Nigeria’s central bank has issued guidelines for an advisory body that will oversee Islamic banking in the country, becoming the latest regulator to opt for a centralised approach to the industry.
Nigeria is home to the largest Muslim population in sub-Saharan Africa with over 80 million Muslims, and authorities are trying to establish the country as the African hub for Islamic finance.
Traditionally, Islamic banks have practiced self-regulation when ensuring that their products follow religious principles. But a centralised model of supervision is increasingly being favoured across much of the world.
Countries including Bahrain and Morocco have opted for such a format, which can help to limit differences between products, speed the design of new products and boost investor confidence.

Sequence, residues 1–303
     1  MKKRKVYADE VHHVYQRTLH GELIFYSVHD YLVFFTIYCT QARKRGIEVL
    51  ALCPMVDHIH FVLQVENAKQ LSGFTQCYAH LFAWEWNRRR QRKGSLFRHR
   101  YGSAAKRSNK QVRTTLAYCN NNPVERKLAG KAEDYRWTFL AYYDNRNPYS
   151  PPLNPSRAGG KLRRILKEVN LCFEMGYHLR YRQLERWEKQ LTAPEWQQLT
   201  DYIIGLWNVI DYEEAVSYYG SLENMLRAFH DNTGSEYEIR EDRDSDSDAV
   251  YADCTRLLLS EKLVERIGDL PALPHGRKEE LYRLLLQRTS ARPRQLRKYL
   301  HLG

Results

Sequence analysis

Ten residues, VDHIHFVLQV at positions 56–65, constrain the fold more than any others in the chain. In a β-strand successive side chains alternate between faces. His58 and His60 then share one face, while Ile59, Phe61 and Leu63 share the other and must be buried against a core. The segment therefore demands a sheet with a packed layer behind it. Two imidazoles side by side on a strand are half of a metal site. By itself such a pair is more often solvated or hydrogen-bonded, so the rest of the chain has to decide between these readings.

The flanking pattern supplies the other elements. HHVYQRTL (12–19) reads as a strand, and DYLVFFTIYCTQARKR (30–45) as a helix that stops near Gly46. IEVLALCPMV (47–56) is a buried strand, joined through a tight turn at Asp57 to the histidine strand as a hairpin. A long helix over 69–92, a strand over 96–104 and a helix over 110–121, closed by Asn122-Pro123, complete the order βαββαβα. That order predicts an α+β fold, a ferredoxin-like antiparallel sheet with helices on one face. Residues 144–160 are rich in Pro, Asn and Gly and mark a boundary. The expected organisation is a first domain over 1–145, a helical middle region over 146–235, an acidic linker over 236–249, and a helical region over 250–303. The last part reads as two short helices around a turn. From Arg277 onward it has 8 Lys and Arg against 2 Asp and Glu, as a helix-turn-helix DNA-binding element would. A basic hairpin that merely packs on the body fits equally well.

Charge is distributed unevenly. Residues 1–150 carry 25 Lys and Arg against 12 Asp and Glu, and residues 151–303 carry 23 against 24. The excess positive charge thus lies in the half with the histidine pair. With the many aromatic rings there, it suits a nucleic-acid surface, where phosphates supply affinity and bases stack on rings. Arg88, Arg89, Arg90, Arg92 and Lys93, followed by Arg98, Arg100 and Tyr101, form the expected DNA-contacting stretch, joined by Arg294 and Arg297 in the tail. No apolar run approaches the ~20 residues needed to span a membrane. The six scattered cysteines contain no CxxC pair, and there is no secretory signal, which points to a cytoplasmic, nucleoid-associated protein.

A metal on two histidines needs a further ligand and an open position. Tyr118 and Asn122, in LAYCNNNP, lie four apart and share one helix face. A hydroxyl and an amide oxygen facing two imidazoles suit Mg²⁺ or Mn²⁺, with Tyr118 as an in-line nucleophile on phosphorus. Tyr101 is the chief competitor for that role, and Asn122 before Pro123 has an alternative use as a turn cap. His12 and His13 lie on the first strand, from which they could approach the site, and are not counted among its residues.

Nigeria’s advisory body, known as the Financial Regulation Advisory Council of Experts, will be tasked with ensuring all banking products that are designated as Islamic conform to sharia principles.
The guidelines, published on Friday, set out minimum requirements for the advisory body, which will comprise a minimum of five members including a central bank official. Members will serve renewable two-year terms, must be qualified in Islamic jurisprudence, and are restricted from working for any other financial institution supervised by the central bank.
Financial institutions that offer Islamic banking products in Nigeria are already required to have their own boards of sharia finance experts, who are limited to serving in one institution at a time.
The central bank’s advisory body will be guided by the principles of sharia governance issued by the Malaysia-based Islamic Financial Services Board.
*This article was originally published on The Africa Report on 23 February 2015. Read the original article here.